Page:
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Fogarty v. HSM Electronic Protection Services


August 27, 2008


The opinion of the court was delivered by: Morrison C. England, Jr. United States District Judge


Presently before the Court is Defendant HSM Electronic Protection Services' ("Defendant") Motion to Re-Open Discovery. For the following reasons, Defendant's motion is denied.*fn1


Lauraine Fogarty ("Plaintiff") brought this action alleging sexual harassment and retaliation against Defendant, her former employer. As part of her Complaint, Plaintiff alleges that she suffered stress as a result of the harassment and retaliation ultimately resulting in stomach ulcers which incapacitated Plaintiff to an extent that she was no longer able to work. Plaintiff's Complaint seeks damages for loss of earnings, emotional distress, pain and suffering, physical injuries, and medical expenses.

Plaintiff commenced this suit in April 2007. This Court entered its Pretrial Scheduling Order on July 5, 2007. The Pretrial Scheduling Order provided for a discovery cut-off of April 11, 2008. In March 2008, Plaintiff disclosed to Defendant that she was unable to maintain her employment with her most recent employer due to the mental distress caused by the alleged sexual harassment. On May 15, 2008, this Court vacated, without prejudice, Defendant's Motion to Compel a mental examination of Plaintiff because the discovery deadline had already expired. On May 27, 2008, this Court entered a stipulated order allowing the parties to engage in further discovery including a further deposition of Plaintiff, a deposition of Plaintiff's treating physician, and subpoenaing employment records from Plaintiff's most recent employer.

On May 29, 2008, Defendant filed a Motion to Re-Open Discovery. Because that motion was improperly noticed, Defendant filed an Amended Motion to Re-Open Discovery on June 2, 2008.

Defendant seeks to re-open discovery based on Plaintiff's disclosure that she is unable to maintain employment based on the alleged sexual harassment. Defendant seeks to conduct a physical and mental examination of Plaintiff.


Generally, the Court is required to enter a pretrial scheduling order within 120 days of the filing of the complaint. Fed. R. Civ. P. 16(b). The scheduling order "controls the subsequent course of the action" unless modified by the Court. Fed. R. Civ. P. 16(e). Orders entered before the final pretrial conference may be modified upon a showing of "good cause," Fed. R. Civ. P. 16(b), but orders "following a final pretrial conference shall be modified only to prevent manifest injustice." Fed. R. Civ. P. 16(e); see also Johnson v. Mammoth Recreations, 975 F.2d 604, 608 (9th Cir. 1992)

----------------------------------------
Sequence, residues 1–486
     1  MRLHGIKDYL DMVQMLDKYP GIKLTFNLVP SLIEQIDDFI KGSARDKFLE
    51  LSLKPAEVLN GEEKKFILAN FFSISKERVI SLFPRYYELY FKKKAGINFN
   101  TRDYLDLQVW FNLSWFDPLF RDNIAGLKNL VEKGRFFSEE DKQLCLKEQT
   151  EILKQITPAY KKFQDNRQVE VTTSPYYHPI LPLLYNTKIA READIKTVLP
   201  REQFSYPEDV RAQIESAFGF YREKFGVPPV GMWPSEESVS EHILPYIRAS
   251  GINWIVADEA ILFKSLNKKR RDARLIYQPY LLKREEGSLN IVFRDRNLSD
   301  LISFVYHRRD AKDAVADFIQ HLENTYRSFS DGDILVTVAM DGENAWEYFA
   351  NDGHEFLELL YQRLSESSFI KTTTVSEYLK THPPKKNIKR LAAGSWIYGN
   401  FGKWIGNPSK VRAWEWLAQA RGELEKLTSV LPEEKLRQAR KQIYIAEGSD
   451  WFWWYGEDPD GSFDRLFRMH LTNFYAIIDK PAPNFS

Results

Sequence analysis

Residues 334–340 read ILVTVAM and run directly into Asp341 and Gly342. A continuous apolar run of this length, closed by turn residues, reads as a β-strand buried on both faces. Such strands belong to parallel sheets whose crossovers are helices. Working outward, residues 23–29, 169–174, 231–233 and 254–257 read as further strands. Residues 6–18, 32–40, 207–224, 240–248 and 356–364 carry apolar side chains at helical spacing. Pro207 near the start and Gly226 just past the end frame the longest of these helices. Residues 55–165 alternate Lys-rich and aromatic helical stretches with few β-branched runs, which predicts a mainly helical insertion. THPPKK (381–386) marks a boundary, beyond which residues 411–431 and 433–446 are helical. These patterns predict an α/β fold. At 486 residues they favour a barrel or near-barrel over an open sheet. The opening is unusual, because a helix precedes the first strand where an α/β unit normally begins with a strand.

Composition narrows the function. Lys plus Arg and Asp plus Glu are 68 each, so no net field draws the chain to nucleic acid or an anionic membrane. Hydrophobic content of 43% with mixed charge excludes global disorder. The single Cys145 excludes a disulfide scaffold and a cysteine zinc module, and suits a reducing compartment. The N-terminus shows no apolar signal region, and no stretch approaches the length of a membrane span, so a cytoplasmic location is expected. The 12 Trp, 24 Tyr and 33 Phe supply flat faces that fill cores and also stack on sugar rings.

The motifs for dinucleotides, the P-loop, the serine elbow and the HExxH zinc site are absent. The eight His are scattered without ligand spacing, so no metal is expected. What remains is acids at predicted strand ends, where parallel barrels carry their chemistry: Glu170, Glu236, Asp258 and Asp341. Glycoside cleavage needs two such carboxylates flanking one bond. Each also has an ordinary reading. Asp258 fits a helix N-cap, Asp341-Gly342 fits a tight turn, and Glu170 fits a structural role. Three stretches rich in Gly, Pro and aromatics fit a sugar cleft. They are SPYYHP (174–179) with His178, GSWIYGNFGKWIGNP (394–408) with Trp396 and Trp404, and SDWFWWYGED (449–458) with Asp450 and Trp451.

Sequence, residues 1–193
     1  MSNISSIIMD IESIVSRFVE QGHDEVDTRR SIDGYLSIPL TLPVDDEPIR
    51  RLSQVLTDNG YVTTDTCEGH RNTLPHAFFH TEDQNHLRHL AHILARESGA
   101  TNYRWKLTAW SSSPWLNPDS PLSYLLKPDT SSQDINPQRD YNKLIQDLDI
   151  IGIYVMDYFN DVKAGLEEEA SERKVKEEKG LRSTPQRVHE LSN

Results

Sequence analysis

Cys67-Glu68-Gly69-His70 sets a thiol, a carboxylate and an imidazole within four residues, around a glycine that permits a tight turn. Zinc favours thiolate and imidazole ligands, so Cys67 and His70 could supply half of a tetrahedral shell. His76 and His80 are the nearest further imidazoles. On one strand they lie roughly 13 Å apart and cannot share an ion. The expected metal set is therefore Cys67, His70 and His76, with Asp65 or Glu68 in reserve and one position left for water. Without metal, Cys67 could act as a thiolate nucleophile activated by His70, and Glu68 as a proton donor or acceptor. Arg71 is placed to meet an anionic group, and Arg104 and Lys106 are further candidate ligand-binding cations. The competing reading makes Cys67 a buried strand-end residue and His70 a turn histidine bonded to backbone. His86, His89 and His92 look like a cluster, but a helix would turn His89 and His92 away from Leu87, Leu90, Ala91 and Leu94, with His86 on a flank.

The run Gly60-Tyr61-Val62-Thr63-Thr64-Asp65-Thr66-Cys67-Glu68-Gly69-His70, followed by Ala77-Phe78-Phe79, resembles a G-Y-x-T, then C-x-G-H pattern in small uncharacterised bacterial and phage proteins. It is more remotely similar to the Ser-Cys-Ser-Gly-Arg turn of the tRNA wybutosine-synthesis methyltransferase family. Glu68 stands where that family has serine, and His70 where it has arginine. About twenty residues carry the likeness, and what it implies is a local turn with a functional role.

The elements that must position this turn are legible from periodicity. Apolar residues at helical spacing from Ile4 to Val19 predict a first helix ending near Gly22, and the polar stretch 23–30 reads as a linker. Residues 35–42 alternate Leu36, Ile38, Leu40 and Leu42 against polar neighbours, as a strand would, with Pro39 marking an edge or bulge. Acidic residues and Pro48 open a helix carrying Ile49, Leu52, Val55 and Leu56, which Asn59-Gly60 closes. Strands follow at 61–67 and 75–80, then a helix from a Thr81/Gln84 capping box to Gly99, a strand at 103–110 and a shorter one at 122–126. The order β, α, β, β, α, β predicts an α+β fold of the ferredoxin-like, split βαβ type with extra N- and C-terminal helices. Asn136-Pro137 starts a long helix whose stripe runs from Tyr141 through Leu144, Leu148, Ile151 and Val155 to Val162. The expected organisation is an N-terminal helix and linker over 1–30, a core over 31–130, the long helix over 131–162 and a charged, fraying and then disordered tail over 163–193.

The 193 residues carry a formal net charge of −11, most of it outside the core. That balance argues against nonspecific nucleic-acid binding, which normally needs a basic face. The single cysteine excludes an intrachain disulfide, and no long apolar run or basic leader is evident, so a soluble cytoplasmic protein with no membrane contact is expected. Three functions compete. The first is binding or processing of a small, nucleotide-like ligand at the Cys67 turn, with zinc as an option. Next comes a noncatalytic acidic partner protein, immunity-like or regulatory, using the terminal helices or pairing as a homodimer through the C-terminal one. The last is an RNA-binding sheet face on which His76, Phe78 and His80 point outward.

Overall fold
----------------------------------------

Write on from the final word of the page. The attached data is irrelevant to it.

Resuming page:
Rule 16(b)'s "good cause" standard primarily considers the diligence of the party seeking the amendment. Johnson v. Mammoth Recreations, 975 F.2d 604, 609 (9th Cir. 1992). The district court may modify the pretrial schedule "if it cannot reasonably be met despite the diligence of the party seeking the extension." Fed. R. Civ. P. 16 advisory committee's notes (1983 amendment); Id. Moreover, carelessness is not compatible with a finding of diligence and offers no reason for a grant of relief. Id.

Although the existence or degree of prejudice to the party opposing the modification might supply additional reasons to deny a motion, the focus of the inquiry is upon the moving party's reasons for seeking modification. If that party was not diligent, the inquiry should end. Id.


Re-opening the already-expired discovery cut off requires a modification of the Pretrial Scheduling Order. Rule 16 requires good cause for such a modification. Defendants cannot meet their burden to extend the discovery cut-off.

Defendant was on notice of Plaintiff's claims. The Complaint alleges that "Plaintiff has suffered loss of earnings and will continue to suffer such losses in the future" and that "Plaintiff has suffered and will continue to suffer severe emotional distress and pain and suffering." The fact that Defendant failed to fully explore these claims in discovery does not satisfy the good cause requirement to re-open discovery. Although the Court acknowledges that trial is set for May of 2009, the dispositive motion deadline is swiftly approaching and given this Court's docket, extending the dispositive motion deadline would likely require this Court to continue the trial date as well. Finally, Defendant has not been diligent in seeking this modification. Defendant was informed on March 17, 2008 that Plaintiff terminated her employment.

Defendant then waited until almost three months later and after the discovery cut-off, to seek this modification. This delay does comport with the diligence Rule 16 requires.

Defendant failed to fully explore these claims in discovery. To the extent some of the evidence relating to these claims was not disclosed in discovery, that evidence may be subject to exclusion by way of a motion in limine. However, good cause does not exist to re-open discovery months after the cut-off.


For the foregoing reasons, Defendant's Motion to Re-Open Discovery is DENIED.


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